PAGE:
I am absolutely THRILLED to be hosting todays stop on the CWA ANTHOLOGY blog tour with an interesting and somewhat awesome guest author post from Sarah Rayne! Woohoo! First though, let’s find out a bit more about this book! My thanks, as always to Anne Cater and Orenda Books for including me!
About The Book
Crime spreads across the globe in this new collection of short stories from the Crime Writer’s Association, as a conspiracy of prominent crime authors take you on a world mystery tour. Highlights of the trip include a treacherous cruise to French Polynesia, a horrifying trek in South Africa, a murderous train-ride across Ukraine and a vengeful killing in Mumbai. But back home in the UK, life isn’t so easy either. Dead bodies turn up on the backstreets of Glasgow, crime writers turn words into deeds at literary events, and Lady Luck seems to guide the fate of a Twickenham hood. Showcasing the range, breadth and vitality of the contemporary crime-fiction genre, these twenty-eight chilling and unputdownable stories will take you on a trip you’ll never forget.
Ann Cleeves, C.L. Taylor, Susi Holliday, Martin Edwards, Anna Mazzola, Carol Anne Davis, Cath Staincliffe, Chris Simms, Christine Poulson, Ed James, Gordon Brown, J.M. Hewitt, Judith Cutler, Julia Crouch, Kate Ellis, Kate Rhodes, Martine Bailey, Michael Stanley, Maxim Jakubowski, Paul Charles, Paul Gitsham, Peter Lovesey, Ragnar Jónasson, Sarah Rayne, Shawn Reilly Simmons, Vaseem Khan, William Ryan and William Burton McCormick
TRAVELLING THROUGH FICTION… It’s not what it used to be
By Sarah Rayne
There was a time when a degree of glamour attached itself to a journey – when journeys themselves could provide a writer with a good setting. In those days, you could place your characters on a train or a ship and cast them into all manner of perilous, murderous, or even merely romantic situations. You could bump people off, cause annoying bit-part players to vanish, and you could develop relationships over a civilized meal in the restaurant car or at the captain’s table, (assuming you had remembered to allot to the pair the income needed to travel First Class). You could even allow a casual encounter to become an actual liaison – providing that if the characters were destined to enjoy the railway’s equivalent of the Mile High Club, you were careful to avoid such busy intersections as Crewe and most of the main London termini.
But although travel is nowadays fast, clean, and efficient, (we could possibly exclude the train networks on that last one), something’s been lost for authors. Because if there had been a high-speed, open-carriage service, would Agatha Christie’s redoubtable Miss Marple have become imbroiled in the murder on the 4.50 from Paddington? And would the English lady have vanished so completely and so intriguingly in Ethel Lina White’s classic, The Wheel Spins, filmed as The Lady Vanishes?
Would the ill-starred Anna Karenina have had quite such a complex relationship with Vronsky if they had not been shut into a railway carriage for several chapters?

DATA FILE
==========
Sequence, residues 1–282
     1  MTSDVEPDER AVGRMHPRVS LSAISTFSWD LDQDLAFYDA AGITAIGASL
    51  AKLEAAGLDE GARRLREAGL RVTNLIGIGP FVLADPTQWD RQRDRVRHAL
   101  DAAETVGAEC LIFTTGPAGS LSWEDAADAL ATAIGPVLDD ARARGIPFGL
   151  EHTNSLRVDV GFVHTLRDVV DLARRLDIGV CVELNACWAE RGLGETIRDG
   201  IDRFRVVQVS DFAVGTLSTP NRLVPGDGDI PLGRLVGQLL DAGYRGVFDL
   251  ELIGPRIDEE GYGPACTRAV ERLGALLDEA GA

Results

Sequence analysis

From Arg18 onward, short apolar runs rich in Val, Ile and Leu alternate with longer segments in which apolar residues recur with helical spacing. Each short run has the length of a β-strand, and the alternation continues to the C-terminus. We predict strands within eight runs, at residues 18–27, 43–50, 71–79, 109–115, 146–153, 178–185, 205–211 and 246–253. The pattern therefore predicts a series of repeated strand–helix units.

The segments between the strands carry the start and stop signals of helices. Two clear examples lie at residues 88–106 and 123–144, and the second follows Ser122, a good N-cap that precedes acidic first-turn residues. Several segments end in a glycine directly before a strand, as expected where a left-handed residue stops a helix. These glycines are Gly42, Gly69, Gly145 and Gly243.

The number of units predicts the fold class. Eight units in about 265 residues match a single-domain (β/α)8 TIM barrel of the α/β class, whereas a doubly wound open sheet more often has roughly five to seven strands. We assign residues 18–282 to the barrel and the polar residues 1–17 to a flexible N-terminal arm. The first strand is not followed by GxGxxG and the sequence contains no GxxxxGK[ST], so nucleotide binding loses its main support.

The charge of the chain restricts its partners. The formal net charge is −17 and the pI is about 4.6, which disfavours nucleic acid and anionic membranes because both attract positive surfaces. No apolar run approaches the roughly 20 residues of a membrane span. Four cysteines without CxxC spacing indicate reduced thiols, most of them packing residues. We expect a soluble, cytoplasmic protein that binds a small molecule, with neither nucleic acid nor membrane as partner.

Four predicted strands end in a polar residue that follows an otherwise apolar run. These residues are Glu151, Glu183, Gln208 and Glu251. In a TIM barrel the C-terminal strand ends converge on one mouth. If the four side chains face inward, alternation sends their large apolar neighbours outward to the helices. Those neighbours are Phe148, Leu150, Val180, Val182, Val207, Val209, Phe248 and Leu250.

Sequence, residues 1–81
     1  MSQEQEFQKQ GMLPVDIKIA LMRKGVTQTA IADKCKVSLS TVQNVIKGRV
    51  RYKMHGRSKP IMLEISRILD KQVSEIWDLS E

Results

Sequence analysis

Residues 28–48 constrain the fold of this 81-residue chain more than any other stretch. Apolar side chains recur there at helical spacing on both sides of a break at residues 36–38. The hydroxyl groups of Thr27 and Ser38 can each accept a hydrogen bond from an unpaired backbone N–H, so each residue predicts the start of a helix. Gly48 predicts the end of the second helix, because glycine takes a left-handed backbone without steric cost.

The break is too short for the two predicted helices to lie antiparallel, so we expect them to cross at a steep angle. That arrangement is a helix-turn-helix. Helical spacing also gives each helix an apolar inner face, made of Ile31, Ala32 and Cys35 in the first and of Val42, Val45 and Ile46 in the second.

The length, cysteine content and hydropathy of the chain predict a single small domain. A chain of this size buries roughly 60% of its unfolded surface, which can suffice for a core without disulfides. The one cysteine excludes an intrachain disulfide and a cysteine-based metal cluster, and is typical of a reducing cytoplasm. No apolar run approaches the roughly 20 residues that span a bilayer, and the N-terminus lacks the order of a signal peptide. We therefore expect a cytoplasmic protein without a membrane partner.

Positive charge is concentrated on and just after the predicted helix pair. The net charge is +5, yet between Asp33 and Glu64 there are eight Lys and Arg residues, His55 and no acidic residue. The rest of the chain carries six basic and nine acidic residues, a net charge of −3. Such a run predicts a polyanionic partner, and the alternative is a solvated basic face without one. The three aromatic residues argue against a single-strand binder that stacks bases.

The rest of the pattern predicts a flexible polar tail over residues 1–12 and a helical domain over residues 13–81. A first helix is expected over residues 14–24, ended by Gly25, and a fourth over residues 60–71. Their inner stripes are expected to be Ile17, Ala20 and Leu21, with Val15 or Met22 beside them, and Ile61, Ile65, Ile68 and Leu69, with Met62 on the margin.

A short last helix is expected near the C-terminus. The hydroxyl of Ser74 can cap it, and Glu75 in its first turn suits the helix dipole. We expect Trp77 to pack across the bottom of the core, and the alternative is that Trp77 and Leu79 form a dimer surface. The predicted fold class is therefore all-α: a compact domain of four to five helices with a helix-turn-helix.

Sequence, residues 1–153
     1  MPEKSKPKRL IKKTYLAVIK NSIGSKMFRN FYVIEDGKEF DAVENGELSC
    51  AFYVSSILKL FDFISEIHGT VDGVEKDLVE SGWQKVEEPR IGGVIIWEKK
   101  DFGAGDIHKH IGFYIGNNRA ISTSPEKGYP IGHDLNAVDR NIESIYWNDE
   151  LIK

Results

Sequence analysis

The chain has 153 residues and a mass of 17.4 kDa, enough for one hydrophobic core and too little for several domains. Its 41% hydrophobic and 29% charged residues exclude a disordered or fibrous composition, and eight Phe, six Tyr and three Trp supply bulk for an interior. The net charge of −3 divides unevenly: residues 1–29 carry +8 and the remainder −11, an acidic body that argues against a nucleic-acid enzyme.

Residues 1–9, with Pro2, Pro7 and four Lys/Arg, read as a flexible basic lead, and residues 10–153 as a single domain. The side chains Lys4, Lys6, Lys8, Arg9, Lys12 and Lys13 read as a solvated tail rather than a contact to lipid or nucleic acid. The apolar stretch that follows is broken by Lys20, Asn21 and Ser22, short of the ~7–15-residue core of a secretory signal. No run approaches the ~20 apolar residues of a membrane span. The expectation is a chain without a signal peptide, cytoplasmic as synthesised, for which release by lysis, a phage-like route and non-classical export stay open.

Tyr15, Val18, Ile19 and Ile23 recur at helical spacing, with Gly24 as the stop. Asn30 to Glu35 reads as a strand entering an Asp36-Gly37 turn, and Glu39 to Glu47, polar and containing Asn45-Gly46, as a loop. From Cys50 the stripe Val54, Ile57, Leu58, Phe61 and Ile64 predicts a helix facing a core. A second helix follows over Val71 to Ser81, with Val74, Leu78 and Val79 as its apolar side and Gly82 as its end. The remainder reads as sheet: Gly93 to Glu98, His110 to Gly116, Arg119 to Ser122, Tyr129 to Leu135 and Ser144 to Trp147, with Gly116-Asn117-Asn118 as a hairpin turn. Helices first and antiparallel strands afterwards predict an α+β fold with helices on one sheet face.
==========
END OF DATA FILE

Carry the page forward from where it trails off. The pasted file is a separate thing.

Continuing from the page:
It’s difficult, as well, to picture the lovers in Brief Encounter bravely playing out their grand renunciation scene without the swirling smoke of steam engines shrouding them, the relentless chug of trains blurring the dialogue, and the crashing of crockery from the seedy buffet. Even if you imported all three movements of Rachmaninov’s 2nd Piano Concerto and had Lang Lang playing them, gut-wrenching farewells just aren’t the same on a modern, multi-platformed station, with indecipherable announcements assaulting the senses, and soulless machines dispensing tea, coffee and soup.
To be fair, murders can still be staged on inter-continental journeys, but Dame Agatha did really corner the market on that one, and the Inland Revenue are annoyingly suspicious of expense claims for a trip on today’s version of the Orient Express.
The old story-tellers knew the value of adding a bit of mystery to a journey. Travellers on the brink of unexplored lands (perhaps running out of energy, courage, or simply food), would instruct the map-makers to write, ‘Here be dragons’, on the uncharted areas. Thus conjuring up all kinds of alluring lands for future journeys, and far more fun than losing the signal on a sat-nav, or running out of petrol on the M25. Although both these events can open up intriguing possibilities for plot developments.
James Elroy Flecker, in his 1913 verse-drama Hassan – The Golden Road to Samarkand, wrote:
We are the Pilgrims, master; we shall go
Always a little further; it may be
Beyond that last blue mountain barred with snow
Across that angry or that glimmering sea.
The words conjure up the ancient silk routes and the caravanserai of Persia and Isfahan. And the lines of John Masefield in Cargoes, (probably learned by heart by every British schoolchild up to at least the 1960s), are just as evocative. The opening verse starts with,Quinquereme of Nineveh and distant Ophir, and the final verse begins with, Dirty British coaster with a salt-caked smokestack.
Standing on a railway platform, sipping a plastic cup of instant coffee, listening to automated announcements about delays due to snow on the line, doesn’t have quite the same resonance as the dimly-lit night corridors of Hercule Poirot, or of Flecker’s glimmering sea…
Perching on an uncomfortable chair in an airport lounge for five hours because your flight is cancelled owing to fog or an air traffic control computer crash can’t compare with Rider Haggard’s doughty travellers trekking across deserts and braving shipwreck fever to discover King Solomon’s mines…
Nor is there any comparison with the romantic allure contained in the plane crash in a Tibetan snowstorm in Lost Horizon – causing the passengers to find Shangri-La.
Those really were journeys.